I sold a story last fall, my first pro story, to PodcastleMy Heart the Bullet in the Chamber, a weird western, will appear in this month’s Artemis Rising 4 issue, with my story available on March 20. You can read the story on their website or listen to the audio recording. (Listen to audio by an actress from the show Hell On Wheels, Robin McLeavy! How cool is that???)  Immediately after getting the contract, I applied to be an Associate Member of SFWA. This is a milestone for me, something I’ve wanted for a long time. I’ve also joined a new online critique group and while it’s early days I’m feeling really good about it.

I’m still submitting (Anyone want a historical horror novelette? Anyone? Beuller?), and I’m nearly finished an R&R for a flirty short story about assassins that I wrote after coming back from Taos.  But once that’s done, the next three months I’m doing a novel revision deep dive. Full emersion. Live and breathe it, and then after that get some betas on it. It’s been sitting too damn long, and that’s down to me being afraid of it. No longer.

I may also upload a deluge-post about a recent read, Amatka by Karin Tidbeck. Loved this book. I’m trying not to blog-splat it like I did with my Girl with the Dragon Tattoo ramblings, but we’ll see.

I’ll be back next Tuesday with direct links, more thoughts, and probably a lot of feels. I love this story, and I hope you will too.

(But seriously, go read Amatka. And then The Strange Case of the Alchemist’s Daughter by Theadora Goss, while you’re at it. Spoilers: they will both be on my Best Books for 2018 post.)

My Favorite Reads of 2017

Long and rambling post ahead — you’ve been warned!

Boy, that 2017. Amirite? 

/me pours a drink from her fanciest liquor bottle because why the hell not. 

If you want my politics, you can find them on Twitter. I want to talk about this year not in terms of the Orange in Chief, or the increasingly tremulous global-political Faberge egg we’re living inside, but in terms of the books that I read.

Books, after all and if nothing else naturally does so (family, school, friends), can teach empathy as well as broaden the mind and console the weary.

Because in 2017, I think all of us are weary. Amirite?

/me takes another swig, dispensing with the glass entirely.

I wasn’t sure I was going to make my 50 Book Challenge on GoodReads. A squeaker, to be sure, but I made it. That goal wasn’t helped by a few monster-length books, or those I started and abandoned after getting about 50 pages in. You can only argue with a book so much before you realize you have better things to do and better books to read. All in all, I think I powered through too many books that I didn’t connect with and DNF three books, including the third book in a series I had started reading in the mid-2000s. (God, REMEMBER THE MID-2000s? #wistfulsigh) Read and loved, talked about, shared, and then bought the third book and held on for the right time only to discover that its time had passed me by. Alas.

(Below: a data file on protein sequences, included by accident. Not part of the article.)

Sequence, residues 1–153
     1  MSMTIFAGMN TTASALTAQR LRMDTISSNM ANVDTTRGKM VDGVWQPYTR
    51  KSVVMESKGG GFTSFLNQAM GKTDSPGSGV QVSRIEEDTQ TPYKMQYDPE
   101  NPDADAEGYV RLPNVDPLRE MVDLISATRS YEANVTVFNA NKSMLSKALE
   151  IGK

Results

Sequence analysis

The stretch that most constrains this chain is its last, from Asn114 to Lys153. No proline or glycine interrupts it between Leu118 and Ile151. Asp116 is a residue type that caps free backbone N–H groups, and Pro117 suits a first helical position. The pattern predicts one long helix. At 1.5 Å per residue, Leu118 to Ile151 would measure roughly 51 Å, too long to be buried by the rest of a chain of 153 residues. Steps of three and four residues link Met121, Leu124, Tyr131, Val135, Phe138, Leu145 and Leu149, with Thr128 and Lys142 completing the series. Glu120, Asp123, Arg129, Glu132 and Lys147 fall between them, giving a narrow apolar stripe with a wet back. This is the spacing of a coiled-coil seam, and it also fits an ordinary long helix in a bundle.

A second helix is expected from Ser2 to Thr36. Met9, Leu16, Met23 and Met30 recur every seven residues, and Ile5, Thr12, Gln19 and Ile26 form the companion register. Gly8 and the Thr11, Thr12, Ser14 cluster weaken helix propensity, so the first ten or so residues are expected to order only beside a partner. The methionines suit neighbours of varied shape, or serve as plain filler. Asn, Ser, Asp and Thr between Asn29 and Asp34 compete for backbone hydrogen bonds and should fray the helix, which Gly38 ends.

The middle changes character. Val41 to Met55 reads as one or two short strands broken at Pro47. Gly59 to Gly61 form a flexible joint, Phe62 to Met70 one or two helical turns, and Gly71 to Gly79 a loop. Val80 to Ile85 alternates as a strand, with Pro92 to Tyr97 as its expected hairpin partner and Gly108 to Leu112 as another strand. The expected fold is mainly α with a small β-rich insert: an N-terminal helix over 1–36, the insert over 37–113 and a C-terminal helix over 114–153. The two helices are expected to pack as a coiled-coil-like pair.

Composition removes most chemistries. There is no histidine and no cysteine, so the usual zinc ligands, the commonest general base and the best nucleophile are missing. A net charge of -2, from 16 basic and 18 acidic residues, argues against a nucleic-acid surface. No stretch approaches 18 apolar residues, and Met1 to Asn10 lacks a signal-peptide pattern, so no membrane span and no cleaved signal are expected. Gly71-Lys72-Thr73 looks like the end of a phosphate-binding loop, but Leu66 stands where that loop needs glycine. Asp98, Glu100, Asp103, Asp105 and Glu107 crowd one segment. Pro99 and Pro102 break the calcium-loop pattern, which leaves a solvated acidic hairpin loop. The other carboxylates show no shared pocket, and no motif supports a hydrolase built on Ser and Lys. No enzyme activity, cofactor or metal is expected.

There was also one additional conceptual hurdle I had to jump over right at the beginning of 2017: the Christmas Gift Book Trap.

Books, for me, are personal. I don’t like giving them, and I don’t like getting them, unless. (There’s always an unless, and I play it by ear.) In particular, novels can be a total crap shoot for the receiver. And while personally I am comfortable (sort of, the hives are completely under control) letting a book I pick up doesn’t work for me, it’s different with a gift. There’s an obligation, even if unintended. One gift was in a genre I don’t read, and the other was non-fiction, and one that had special significance to the giver. I wasn’t in the mood for non-fiction at the beginning of the year, but the gift giver asked what I thought about it and so I felt pressured to read. (I liked it well enough, it was just bad timing.)

Never mind the towering, tippy, leaning tower of books that will crush me to death if I so much as sneeze in my tiny apartment. They will come for me, sooner or later.